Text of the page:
Source/Disclosures
Disclosures: One study author reports grants from Biomarck Pharmaceuticals outside the submitted work. The other authors report no relevant financial disclosures.
June 16, 2020
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EHR-related fatigue may lead to inefficient use among physicians

Source/Disclosures
Disclosures: One study author reports grants from Biomarck Pharmaceuticals outside the submitted work. The other authors report no relevant financial disclosures.
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Continuous electronic health record use was associated with fatigue among physicians, which may lead to inefficient and suboptimal EHR use, according to results of a study published in JAMA Network Open.

“Our goal was to identify and evaluate the effect of EHR use on physician’s fatigue levels ,” Saif Khairat, PhD, MPH, of Carolina Health Informatics Program at The University of North Carolina at Chapel Hill, told Healio Psychiatry. “Previously, studies investigated that relationship using mostly qualitative methods, such as interviews and satisfaction. This study utilized novel eye-tracking methods to quantify, for the first time, the fatigue levels of physicians while using the EHR system.”

tired doctor slumped at computer
Source: Adobe Stock

In the current cross-sectional, simulation-based study, Khairat and colleagues aimed to evaluate the association between fatigue and EHR use through pupillometry — the measurement of pupil dilation, which has been used to assess engagement with advanced interfaces and website design. Further, they measured efficiency using mouse clicks, time and number of EHR screens. They collected data of 25 intensive care unit physicians and physician trainees at a southeastern U.S. academic medical center. Participants completed four simulated patient cases in the EHR involving task execution and information retrieval while wearing eye-tracking glasses. Physician fatigue and EHR efficiency were the primary outcomes.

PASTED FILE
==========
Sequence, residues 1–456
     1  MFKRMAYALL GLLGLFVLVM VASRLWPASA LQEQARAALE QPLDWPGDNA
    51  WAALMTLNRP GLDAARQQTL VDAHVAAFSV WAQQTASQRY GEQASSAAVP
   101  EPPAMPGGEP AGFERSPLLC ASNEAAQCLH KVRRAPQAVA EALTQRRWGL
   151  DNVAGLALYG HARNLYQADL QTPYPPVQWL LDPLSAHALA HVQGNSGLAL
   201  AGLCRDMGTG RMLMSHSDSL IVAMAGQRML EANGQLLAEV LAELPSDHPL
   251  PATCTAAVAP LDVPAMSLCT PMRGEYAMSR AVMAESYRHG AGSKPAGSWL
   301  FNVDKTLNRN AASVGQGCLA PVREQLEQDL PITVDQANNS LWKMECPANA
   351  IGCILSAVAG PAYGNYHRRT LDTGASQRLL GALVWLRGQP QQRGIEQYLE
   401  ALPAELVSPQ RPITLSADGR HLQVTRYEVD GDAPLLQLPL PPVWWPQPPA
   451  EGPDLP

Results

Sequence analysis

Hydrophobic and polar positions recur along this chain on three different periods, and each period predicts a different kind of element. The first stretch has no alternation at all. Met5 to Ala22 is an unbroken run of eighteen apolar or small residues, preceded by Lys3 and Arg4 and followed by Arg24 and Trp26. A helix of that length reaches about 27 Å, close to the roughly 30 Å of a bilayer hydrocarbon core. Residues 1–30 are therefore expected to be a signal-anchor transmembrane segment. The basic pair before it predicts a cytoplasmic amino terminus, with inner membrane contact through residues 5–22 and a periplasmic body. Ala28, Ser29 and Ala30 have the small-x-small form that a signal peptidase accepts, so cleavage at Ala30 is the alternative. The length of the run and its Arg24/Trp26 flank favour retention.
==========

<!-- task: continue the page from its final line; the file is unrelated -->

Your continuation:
Saif Khairat

Participants recorded 14 hours and 27 minutes of EHR activity. Results showed that all exhibited psychological fatigue one or more times during the exercise, and 80% exhibited psychological fatigue within the first 22 minutes of EHR use. Those who exhibited fatigue in one patient case were less efficient in the following patient case, according to task completion times, higher numbers of mouse clicks and more EHR screen visits.

“The well-being of health care professionals is directly related to patient safety, especially during the COVID-19 pandemic, where fatigue levels among frontline health care professionals are rapidly growing,” Khairat told Healio Psychiatry. “Since the EHR is a contributor to physician fatigue, there needs to be proactive initiative to minimize EHR burdens while maintaining high performance and quality of care.”